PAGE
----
In the heart of an intense North American tour, DJ and producer Frédérik Durand (a.k.a. Snails) is making waves internationally thanks to “vomitstep,” a musical anti-genre he developed after trying to reproduce the metallic sounds of his biggest influence, Skrillex.
When we reach him on the phone in Albuquerque, the Montréaler (by way of Sainte-Émélie-de-l’Énergie, a small town 90 minutes north of the metropolis) is about to embark on a stretch of 20 gigs in 21 nights, and he’s especially enthusiastic. Who wouldn’t be? Ever since the release of his debut album The Shell, last October, the musician – who’s used to playing festivals and opening shows – is now headlining a tour with a budget of almost a million dollars.
“The challenge was to convince people who came to see me over the last three years to come see a real Snails show,” he says. “So far, it’s been way beyond my wildest expectations: 6,500 people in Seattle, 3,000 in L.A., 2,300 in Vegas… Seeing that many people, night after night, is energizing. That’s where I get a boost from when I’m feeling tired.”
But beyond their very presence, it’s the kindness and loyalty of his fans that motivates the man born Frédérik Durand. He’s received an impressive amount of “kandys” – hand-crafted bracelets and pendants that are an emblem of the rave culture and its “PLUR” (peace, love, unity, respect) leitmotif. “[Being offered those] truly is a huge display of respect,” says Snails. “It’s not very common in Montréal, but in the States, it’s a real craze. I’d brought a small jewelry case to store them, but it’s almost full and we’re not even halfway through the tour! It goes to show how passionate my audience is.”
Far from taking that audience for granted, the 29-year-old musician and graphic designer went all-out for this tour, developing a unique stage concept around his alter ego, Slugz. The hero of a planet inhabited by snails, under threat by a regiment of frogs that have acquired the salt spear, a special weapon that could wipe them out, Slugz embarks on a cosmic journey to reach planet Sluggtopia, where there’s an armour (“The Shell”) that will protect his people.
“The show is divided into six chapters, and I’ve created the visuals and sound collages that flesh out the story,” says Snails. “It starts with war sounds, a light show, a spaceship lights up,” explains the man who worked with two Montréal companies, Solotech and 4U2C, for this production. “I absolutely wanted to take my concept as far as I could, to give the audience all I could give. It’s partly in reaction to a lot of EDM shows I’ve seen over the last few years. More often than not, their stage show is nothing but smoke and a few visuals. I sometimes wonder if I’m too weird, or if it’s them who are too laid-back.”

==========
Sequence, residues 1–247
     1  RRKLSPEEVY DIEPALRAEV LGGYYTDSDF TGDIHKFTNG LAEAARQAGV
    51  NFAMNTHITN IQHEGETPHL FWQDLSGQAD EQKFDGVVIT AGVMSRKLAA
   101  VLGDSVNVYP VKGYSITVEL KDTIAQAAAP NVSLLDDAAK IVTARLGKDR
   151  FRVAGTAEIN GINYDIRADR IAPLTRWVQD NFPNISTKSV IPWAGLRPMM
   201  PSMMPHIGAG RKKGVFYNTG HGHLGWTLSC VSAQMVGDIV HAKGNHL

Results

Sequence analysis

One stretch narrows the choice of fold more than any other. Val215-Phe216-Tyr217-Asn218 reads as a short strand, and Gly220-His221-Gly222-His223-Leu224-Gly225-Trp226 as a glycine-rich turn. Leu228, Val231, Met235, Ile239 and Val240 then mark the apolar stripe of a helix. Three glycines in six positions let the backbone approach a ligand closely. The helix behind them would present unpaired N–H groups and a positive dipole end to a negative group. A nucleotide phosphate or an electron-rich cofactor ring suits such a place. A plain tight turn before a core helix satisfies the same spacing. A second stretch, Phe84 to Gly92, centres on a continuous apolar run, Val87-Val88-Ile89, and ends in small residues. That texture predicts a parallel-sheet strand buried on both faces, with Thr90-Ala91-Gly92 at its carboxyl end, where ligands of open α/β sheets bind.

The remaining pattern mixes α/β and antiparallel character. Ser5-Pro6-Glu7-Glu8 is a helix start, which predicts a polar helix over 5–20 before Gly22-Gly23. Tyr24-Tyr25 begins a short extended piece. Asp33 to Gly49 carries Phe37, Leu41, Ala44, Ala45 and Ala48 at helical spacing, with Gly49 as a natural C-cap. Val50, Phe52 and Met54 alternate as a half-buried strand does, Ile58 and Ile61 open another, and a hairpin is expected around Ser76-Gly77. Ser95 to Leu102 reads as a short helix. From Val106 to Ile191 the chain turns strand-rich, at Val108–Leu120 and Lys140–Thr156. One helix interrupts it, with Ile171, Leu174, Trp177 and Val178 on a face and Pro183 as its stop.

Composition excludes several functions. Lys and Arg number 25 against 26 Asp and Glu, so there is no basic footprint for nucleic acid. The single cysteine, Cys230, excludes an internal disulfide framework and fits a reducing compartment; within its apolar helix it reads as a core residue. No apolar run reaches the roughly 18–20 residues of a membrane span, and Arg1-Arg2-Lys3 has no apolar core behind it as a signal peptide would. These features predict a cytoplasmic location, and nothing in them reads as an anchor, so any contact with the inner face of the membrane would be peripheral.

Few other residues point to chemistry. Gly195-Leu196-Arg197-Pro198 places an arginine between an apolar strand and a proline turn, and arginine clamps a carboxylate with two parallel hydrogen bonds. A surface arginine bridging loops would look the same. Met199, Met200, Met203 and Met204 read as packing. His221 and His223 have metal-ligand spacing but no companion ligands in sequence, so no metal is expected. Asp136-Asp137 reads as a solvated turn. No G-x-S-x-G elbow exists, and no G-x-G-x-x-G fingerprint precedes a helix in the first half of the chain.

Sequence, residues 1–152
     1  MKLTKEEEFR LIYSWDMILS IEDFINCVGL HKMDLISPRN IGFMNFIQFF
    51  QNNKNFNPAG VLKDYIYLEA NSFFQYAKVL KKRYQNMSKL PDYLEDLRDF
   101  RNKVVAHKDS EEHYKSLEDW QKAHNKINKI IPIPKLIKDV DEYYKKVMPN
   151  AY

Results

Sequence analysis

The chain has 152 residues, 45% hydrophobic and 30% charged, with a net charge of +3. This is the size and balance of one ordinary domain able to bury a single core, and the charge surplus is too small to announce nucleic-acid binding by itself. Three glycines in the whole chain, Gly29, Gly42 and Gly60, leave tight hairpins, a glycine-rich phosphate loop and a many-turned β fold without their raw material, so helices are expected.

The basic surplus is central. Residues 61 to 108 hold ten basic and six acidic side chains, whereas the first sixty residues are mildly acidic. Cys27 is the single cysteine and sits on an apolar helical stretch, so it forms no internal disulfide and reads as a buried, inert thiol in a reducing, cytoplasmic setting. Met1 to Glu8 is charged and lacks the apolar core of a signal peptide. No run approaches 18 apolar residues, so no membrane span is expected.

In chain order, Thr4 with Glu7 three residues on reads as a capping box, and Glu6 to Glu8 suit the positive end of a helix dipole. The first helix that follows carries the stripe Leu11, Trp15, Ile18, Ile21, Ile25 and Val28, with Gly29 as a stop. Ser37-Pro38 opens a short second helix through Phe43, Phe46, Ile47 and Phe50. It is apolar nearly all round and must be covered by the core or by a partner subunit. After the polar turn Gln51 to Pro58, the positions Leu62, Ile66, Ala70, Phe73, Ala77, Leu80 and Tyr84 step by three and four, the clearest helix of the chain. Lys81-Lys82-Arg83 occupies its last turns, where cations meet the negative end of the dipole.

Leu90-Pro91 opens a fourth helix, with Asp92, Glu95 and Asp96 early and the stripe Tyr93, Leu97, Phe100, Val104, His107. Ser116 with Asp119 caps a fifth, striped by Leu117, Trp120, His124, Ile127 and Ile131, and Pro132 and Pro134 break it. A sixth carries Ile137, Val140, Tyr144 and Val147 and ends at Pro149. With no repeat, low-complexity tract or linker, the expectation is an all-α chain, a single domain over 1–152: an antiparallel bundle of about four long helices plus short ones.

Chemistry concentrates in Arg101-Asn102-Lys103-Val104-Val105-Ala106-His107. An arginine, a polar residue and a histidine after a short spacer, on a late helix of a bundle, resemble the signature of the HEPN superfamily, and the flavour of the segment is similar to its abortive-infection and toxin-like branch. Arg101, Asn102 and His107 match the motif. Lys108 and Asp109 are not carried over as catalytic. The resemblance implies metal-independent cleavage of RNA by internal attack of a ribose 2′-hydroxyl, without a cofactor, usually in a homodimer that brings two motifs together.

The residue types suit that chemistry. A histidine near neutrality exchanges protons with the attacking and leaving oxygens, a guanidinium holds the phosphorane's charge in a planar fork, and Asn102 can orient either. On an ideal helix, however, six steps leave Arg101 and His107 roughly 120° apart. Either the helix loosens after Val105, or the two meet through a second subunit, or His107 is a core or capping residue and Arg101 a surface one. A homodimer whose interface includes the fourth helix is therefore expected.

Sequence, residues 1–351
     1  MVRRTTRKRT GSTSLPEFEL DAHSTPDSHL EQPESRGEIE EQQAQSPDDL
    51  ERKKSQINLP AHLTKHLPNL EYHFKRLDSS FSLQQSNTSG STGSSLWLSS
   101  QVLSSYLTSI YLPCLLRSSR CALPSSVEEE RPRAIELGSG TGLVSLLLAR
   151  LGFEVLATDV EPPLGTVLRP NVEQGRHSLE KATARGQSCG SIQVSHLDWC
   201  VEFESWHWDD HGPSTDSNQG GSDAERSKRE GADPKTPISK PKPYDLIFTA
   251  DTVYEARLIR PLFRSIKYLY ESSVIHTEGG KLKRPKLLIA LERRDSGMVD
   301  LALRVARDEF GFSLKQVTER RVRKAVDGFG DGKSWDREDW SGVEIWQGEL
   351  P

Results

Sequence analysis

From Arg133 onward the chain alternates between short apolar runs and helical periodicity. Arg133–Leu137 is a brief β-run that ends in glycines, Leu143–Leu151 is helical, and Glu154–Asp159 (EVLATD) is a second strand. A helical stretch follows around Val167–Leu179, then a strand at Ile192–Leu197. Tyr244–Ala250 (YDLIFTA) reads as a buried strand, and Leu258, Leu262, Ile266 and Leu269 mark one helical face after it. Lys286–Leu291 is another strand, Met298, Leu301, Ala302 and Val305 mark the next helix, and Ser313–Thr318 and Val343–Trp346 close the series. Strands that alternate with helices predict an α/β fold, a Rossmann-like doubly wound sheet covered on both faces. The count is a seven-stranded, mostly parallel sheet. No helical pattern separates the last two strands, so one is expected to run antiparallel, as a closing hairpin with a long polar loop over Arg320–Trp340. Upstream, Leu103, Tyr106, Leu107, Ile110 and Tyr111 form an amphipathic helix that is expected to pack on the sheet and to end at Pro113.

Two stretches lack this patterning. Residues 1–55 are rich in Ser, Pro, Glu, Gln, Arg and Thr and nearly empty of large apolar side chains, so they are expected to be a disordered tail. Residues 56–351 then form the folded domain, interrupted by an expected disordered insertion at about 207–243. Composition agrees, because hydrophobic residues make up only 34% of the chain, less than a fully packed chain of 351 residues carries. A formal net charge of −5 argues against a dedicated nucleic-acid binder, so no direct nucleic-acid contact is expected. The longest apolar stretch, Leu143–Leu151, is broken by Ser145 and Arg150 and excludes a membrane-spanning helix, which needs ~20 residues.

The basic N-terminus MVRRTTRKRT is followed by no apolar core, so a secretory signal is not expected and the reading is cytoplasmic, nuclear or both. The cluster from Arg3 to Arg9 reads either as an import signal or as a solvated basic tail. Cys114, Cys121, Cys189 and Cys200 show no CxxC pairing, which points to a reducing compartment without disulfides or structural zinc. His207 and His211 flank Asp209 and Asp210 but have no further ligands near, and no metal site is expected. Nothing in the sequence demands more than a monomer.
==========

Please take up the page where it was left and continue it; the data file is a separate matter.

The Skrillex Influence
One thing’s for sure, Snails shares neither their approach nor musical background. As a teen, he started out as a guitarist who was crazy about Led Zeppelin and The Doors, before moving on to “heavier and more intense bands” like Metallica and Slayer. Towards the end of his teens, he had an epiphany when he discovered the bold electro sounds of Boys Noize, The Bloody Beetroots, Justice and MSTRKRFT, to name but a few, as well Skrillex’s dubstep a few years later.
“When I saw his Scary Monsters and Nice Sprites project entering the Billboard 200, it really piqued my interest,” says Snails. “He burst onto the underground scene intent on smashing and revolutionizing everything. The sound he had was unheard of, and it obsessed me… so much so that I tried to reproduce his sounds! I never managed to pull it off [laughs], but it was a blessing in disguise, because that’s how I developed my own sound.”
Such was, after many trials and errors, the genesis of “vomitstep” – a musical anti-genre that he created for himself in order to stand out among other electronic genres he finds too restrictive. Using his “throat” synthesizer, this genre is akin to dubstep, yet different, with its even more guttural basslines, the influence of trap, and less metallic sounds. “There’s something more organic and grainy in vomitstep,” he says. “You can hear the substance, as if you were in someone’s throat. It’s kinda hard to explain,” the artist admits, laughing.
Increasingly recognized as its own, this musical signature made its way to Skrillex’s ear a few years ago. Having been invited to collaborate with his idol when he was in Los Angeles, Snails still remembers the stress he felt when they first met. The result was the song “Holla Out,” which was featured on the first and only Jack Ü album, the collaborative project between Skrillex and Diplo.
“I stood by the door for, like, 30 minutes after saying ‘Hi,” says Snails. “I was speechless. The man who changed electronic music was right there, in front of me. After awhile, Diplo and him played a few demos on which we could work and, unsurprisingly, I chose the weirdest. I sat on the couch and, totally by mistake, I created a sound that ended up becoming the main sound of the song. I wrote that in, like, 20 minutes, but for the next three hours, I was too scared to play it for them. Skrillex made me feel at ease, and we ended up jamming until 10:30 the next morning.”
Emboldened by the experience – which earned him thanks from both artists during their acceptance speeches for two Grammy awards last year – Frédérik Durand feels privileged to have had the opportunity to make a name for himself on the international electro circuit. Still, he admits being slightly disappointed by the lack of media attention in Québec. “No man is a prophet in his own land, but I was expecting that, because I think my music has a more Anglophone audience,” says the artist, whose tour will enter its home stretch on December 28 at Montréal’s MTELUS. “I’d obviously like to have more exposure in Montréal, have people here recognize the value of my work, but I’m not gonna let that get me down. It just motivates me to work harder.”